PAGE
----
Implicit bias: The limits of control/charater



I’m going to write an entry pursuant upon my previous post on responsibility and implicit bias. (Find it here). There, I noted that there is no agreed-upon definition of ‘control’ (see Fishcer 2012, Levy 2014). And there’s also no agreed-upon definition of character (see, e.g., Angela Smith 2005, Holly Smith 2014, David Shoemaker 2014, and George Sher 2010 for different definitions of character). And this is likely why there are debates about the scope of moral responsibility within in each camp, as well as between camps. Some control theorists think that we can be responsible for the manifestation of implicit bias and others think that we can’t. And ditto for character theorists. It is debatable whether implicit biases, which are neither explicitly valued by the agent nor under the agent’s direct control, are blameworthy.

Let’s start with control, which is, I think, the easier metric. How ‘narrow’ or ‘internal’ is control? That is, is control over motive M merely a matter of whether we have conscious access to M? Certainly not, since we lack access to a great many mental states that are patently blameworthy. We take it that Smith can be responsible for killing a pedestrian when driving under the influence, because Smith was in a sound state of mind when he started drinking. This is a ‘benighted omission,’ in which Smith lacks control at t only because he impaired his reasons-responsive capacity at t-1. In this case, Smith bears ‘indirect responsibility’ for hitting the pedestrian because he had ‘indirect’ (prior time) control. The only thing that would excuse Smith would be if he were drunk only because he had been subjected to clandestine brainwashing by an evil neuroscientist who induced him to drink, or something of that nature – or so people tend to assume. (There are innumerable examples of ‘Frankfurt-type’ brainwashing scenarios, including in Fischer 2006, 2012).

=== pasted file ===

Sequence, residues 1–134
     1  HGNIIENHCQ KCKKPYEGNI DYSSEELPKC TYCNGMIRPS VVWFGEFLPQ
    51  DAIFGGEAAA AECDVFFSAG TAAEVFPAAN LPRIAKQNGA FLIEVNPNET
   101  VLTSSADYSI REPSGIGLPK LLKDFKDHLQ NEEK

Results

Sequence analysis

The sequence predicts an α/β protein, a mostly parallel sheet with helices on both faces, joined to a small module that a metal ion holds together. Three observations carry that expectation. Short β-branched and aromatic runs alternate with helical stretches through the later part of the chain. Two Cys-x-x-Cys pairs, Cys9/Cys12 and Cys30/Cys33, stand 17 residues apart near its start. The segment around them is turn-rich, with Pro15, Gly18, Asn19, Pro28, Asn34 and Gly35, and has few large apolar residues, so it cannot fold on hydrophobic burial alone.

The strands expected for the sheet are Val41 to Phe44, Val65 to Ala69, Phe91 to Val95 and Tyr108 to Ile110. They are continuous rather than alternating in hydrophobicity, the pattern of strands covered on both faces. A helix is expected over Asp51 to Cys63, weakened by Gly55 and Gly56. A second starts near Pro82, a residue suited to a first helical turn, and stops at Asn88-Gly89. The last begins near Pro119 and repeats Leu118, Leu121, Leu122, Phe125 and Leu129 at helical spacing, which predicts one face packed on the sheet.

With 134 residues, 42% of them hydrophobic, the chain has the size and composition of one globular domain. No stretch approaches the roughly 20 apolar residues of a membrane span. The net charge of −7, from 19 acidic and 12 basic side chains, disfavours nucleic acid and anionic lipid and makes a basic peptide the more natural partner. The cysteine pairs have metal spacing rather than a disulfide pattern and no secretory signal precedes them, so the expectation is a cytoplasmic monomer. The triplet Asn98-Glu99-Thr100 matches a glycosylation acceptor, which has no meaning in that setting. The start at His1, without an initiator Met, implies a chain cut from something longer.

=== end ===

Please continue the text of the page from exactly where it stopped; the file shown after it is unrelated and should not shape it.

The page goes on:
The point is that direct conscious control at the time of action is not needed. Virtually every theorist agrees on this point. Only some kind of ‘indirect control’ is necessary. But it is still an open question how broad the scope of indirect control should be. According to Levy (2014), we aren’t directly responsible for the effects of implicit bias because we have at most ‘patchy’ control over these states, but we might be indirectly responsible for their effects. He doesn’t say much about indirect responsibility, however, which is a shame because this is arguably the more interesting question. If Smith selects a White male job candidate due to implicit bias, did he have indirect control over his choice? As Holroyd points out, we have indirect control over implicit biases through the use of strategies such as implementation intentions, countersterotypical exposure, explicit belief formation, and so on. So in principle, Smith could be held responsible on this basis. But much of this debate hangs on how reasonable it is to expect someone to preemptively use these strategies. As Levy states,